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March 2011 | Volume 68 | Number 6
What Students Need to Learn
Reading strategies are helpful guides—but we should keep students' attention on the literature.
Suppose someone tells you that the way to peel a fruit is to break the stem and pull away the skin. You find that this works well with bananas and you adjust it for oranges. Then you discover that it doesn't work with apples; you need a paring instrument, or perhaps you need not peel it at all. The skin is scrumptious, as it turns out. With melons, you hit a new obstacle. You can't peel them or bite into them; they must be cut open. But it's worth it— especially for cantaloupes! When you come to pomegranates, the original method slips your mind in your eagerness to try the fruit—look at those dark gems, those rivulets of red.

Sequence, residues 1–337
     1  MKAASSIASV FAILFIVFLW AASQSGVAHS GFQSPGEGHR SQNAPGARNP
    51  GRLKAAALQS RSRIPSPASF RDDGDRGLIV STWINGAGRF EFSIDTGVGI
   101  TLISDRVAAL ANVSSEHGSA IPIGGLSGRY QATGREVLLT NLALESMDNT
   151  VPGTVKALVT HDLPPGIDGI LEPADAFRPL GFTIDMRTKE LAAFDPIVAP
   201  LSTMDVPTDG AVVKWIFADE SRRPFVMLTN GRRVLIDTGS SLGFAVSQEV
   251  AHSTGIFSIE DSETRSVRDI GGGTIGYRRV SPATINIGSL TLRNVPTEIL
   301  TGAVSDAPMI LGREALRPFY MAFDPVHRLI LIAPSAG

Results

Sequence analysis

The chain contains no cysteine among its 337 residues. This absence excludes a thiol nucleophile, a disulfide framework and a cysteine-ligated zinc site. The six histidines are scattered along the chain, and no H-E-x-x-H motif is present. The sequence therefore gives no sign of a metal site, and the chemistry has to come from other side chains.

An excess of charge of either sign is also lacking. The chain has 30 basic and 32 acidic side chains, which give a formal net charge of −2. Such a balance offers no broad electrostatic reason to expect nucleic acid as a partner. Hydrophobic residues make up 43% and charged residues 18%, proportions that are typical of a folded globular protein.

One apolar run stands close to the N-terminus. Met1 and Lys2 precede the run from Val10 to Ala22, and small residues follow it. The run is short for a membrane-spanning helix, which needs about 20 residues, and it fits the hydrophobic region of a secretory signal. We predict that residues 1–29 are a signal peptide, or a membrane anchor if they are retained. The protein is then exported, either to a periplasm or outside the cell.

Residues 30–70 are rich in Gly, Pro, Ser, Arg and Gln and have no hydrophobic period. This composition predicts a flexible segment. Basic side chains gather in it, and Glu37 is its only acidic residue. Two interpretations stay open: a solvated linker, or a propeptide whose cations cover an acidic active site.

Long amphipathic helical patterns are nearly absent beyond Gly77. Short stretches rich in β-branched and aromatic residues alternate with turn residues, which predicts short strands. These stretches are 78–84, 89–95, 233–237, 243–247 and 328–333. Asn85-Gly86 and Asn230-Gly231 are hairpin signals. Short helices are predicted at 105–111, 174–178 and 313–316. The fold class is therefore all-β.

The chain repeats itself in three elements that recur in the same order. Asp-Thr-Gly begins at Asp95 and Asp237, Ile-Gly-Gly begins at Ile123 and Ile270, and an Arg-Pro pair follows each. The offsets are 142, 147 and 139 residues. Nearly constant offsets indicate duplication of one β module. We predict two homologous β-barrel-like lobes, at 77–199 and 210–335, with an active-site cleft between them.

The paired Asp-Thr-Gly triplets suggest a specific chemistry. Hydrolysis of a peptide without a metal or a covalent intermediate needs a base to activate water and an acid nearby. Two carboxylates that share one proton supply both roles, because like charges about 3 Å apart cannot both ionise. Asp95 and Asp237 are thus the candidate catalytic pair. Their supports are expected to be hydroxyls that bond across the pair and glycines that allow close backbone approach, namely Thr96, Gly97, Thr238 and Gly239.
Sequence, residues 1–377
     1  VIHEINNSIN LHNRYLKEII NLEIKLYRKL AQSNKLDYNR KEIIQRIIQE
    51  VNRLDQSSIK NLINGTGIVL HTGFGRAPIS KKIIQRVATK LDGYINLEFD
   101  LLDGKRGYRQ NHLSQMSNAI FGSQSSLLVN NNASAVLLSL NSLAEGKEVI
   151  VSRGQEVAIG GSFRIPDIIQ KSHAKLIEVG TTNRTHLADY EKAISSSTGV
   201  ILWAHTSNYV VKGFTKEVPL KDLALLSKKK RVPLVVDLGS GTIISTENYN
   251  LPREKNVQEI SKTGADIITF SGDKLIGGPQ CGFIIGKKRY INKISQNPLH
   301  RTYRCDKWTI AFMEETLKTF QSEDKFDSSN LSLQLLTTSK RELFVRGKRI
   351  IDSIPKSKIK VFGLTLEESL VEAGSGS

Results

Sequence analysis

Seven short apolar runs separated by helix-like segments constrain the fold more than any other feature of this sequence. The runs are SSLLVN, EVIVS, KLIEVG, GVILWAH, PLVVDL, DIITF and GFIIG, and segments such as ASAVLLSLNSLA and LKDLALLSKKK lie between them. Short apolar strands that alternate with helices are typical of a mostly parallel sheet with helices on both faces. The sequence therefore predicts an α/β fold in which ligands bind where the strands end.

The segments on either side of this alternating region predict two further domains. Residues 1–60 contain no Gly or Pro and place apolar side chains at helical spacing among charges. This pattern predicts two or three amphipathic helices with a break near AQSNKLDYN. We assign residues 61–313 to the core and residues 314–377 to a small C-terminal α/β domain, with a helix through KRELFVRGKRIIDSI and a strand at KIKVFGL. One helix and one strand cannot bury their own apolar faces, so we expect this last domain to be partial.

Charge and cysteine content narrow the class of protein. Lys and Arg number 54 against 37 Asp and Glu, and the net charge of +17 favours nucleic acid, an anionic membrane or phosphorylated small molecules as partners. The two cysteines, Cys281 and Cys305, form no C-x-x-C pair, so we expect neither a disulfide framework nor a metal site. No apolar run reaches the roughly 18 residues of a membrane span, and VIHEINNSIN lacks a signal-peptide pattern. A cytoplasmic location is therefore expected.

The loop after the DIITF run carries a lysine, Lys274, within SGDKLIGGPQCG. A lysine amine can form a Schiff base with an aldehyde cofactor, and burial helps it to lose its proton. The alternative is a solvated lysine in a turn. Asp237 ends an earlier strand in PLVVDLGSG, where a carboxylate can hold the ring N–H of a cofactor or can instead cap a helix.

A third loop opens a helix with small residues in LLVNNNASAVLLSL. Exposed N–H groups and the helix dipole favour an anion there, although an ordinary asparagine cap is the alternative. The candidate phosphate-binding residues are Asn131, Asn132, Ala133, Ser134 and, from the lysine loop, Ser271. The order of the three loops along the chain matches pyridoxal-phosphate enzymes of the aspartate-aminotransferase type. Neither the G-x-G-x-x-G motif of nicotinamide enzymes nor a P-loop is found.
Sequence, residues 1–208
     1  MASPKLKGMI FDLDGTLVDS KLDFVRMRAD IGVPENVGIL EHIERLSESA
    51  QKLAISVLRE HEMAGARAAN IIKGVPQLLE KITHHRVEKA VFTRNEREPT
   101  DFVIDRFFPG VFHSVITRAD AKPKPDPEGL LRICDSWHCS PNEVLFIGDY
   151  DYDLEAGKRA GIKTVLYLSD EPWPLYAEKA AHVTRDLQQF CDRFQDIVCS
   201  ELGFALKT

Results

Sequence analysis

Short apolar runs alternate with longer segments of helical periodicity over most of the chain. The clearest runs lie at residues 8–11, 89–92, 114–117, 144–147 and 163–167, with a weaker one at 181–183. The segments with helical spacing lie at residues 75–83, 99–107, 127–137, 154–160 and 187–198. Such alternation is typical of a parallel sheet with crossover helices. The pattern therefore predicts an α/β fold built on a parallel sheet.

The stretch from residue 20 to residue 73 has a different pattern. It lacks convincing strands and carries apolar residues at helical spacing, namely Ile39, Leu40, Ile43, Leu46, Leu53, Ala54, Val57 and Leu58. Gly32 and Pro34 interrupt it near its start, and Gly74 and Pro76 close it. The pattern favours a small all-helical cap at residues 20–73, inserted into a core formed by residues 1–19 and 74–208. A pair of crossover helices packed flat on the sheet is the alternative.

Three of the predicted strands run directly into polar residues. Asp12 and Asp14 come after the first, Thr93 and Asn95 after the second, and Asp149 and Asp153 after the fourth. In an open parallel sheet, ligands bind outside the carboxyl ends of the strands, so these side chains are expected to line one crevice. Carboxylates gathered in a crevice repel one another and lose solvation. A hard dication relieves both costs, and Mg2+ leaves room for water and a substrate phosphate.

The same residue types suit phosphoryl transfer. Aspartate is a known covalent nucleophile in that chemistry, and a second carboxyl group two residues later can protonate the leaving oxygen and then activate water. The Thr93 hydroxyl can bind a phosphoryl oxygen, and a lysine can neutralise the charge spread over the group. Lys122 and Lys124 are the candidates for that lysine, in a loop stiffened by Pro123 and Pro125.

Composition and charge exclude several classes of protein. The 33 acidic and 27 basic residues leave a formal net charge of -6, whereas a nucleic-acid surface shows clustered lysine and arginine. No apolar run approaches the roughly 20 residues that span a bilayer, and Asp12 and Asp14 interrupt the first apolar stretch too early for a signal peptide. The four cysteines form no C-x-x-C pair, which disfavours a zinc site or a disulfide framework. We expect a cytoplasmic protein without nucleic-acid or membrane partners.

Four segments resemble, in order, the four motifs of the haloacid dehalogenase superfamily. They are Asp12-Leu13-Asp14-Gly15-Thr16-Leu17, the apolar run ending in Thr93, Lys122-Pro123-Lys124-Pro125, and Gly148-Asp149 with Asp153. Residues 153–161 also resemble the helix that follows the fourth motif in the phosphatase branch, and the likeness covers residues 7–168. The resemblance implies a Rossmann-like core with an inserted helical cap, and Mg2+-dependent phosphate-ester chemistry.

Eventually, you develop methods of getting into any fruit that depend on what you know and what you can intuit. The original strategy applied to a few fruits only—which is fine because it wasn't a grand theory, just a means to the fruit itself.
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Copyright © 2011 by ASCD
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